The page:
Well, how much of the Lord of the Rings writing process is in the movie?

Tolkien treats Lord of the Rings as its final destination. We’re basically walking through what the movie considers the origin story to its subject’s famous works, but what the movie doesn’t understand about origin stories is that the best ones depict the origins of someone’s inner life, not their external achievements. For example, Spider-Man isn’t about the creation of the Spider-Man iconography. It’s about how Peter Parker acquired the worldview that motivates him to be Spider-Man. Lincoln, likewise, isn’t really about the passing of the 13th Amendment. It uses that moment in history to illustrate how Lincoln learned to balance his moral convictions and his political savvy. Great origin stories follow emotional journeys. Tolkien just follows a career path. 

What does Tolkien do right?

The movie does a really nice job depicting Tolkien’s boyhood and adolescence, which is a relief, because that’s how it spends most of its time. The main plot beats cover the author’s time making mischief with his friends at boarding school and university, and these stretches are charming and largely breezy, like an uncomplicated Dead Poets Society or a buttoned-up School Ties. There’s an imaginary version of Tolkien that commits all the way to this arc, and you wish the movie had done so.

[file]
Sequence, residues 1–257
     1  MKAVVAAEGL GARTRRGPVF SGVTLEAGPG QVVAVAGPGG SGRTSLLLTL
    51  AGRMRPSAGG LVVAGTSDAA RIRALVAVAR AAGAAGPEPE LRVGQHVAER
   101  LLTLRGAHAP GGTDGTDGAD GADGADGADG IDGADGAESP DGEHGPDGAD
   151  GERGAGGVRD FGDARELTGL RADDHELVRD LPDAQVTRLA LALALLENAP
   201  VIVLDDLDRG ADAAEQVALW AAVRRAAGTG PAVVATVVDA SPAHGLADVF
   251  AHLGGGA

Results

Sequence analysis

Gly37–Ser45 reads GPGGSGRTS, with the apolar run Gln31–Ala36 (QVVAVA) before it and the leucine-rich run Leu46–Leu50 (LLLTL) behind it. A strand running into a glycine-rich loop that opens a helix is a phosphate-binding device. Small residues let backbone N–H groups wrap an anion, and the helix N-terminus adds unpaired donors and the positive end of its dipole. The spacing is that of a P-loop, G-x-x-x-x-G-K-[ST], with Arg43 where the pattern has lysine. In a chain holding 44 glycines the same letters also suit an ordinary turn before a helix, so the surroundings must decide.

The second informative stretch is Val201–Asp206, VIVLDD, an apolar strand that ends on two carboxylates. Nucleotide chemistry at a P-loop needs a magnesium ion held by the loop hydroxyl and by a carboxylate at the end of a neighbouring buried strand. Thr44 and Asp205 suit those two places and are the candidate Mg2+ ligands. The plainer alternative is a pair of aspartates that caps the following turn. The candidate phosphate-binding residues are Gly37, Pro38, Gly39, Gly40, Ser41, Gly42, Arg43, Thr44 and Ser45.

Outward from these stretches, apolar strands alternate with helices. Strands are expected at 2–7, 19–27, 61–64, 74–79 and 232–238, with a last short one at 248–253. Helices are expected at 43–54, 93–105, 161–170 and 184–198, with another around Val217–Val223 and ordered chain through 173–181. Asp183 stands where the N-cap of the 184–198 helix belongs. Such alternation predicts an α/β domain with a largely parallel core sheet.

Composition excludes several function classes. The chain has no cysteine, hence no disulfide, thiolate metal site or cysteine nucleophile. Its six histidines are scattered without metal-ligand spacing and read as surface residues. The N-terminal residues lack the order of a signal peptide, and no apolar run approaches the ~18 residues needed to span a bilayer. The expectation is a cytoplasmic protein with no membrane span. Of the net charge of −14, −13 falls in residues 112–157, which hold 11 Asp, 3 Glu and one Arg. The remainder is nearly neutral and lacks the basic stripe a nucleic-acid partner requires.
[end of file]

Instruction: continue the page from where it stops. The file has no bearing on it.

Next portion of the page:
Can you imagine any other versions of the movie based on what’s here?

Funny enough, the other parts of Tolkien that work well are the intermittent scenes that follow the author’s experience in the WWI Battle of Somme. The movie cranks up the Rings imagery to a higher frequency here and actually deploys some striking camerawork and compositions, but again, it’s just for show and isn’t substantive.

If Tolkien had been bold enough to draw a thicker line between the author’s war experience and the influences behind LOTR, the artistic payoff would probably have been worth the ruffled feathers from the Tolkien estate and any fans who ascribe to the late author’s persistent assertion his work isn’t allegorical. The WWI scenes are arbitrary in Tolkien, but they’re competent and interesting enough they almost beg to be enriched.

That reminds me: The Tolkien estate preemptively renounced this movie. Was it worth the fuss?

Not really. The movie just doesn’t have enough to say about Tolkien as a person to make an endorsement or renouncement communicative about the estate or the film itself. There are some thin connections made here between the author’s life and what would show up in LOTR, but they’re so non-commital they’re not worth any kind of direct address. You wonder, really, if a previous version of Tolkien went harder at these parallels before someone chickened out and took it back. That movie wouldn’t just make for a better story, it would have a more exciting story behind it.

So do I need to see Tolkien?

If you’re the most die-hard LOTR fan, maybe, but for the most part, people can skip it. This is a pretty-faced biopic that only goes skin-deep about a subject who was worth a much more nuanced examination. Rings introduced the world to a grand fantasy birthed from one of the most creative minds in modern literature. It’s a shame, but after seeing Tolkien, you’d never know it.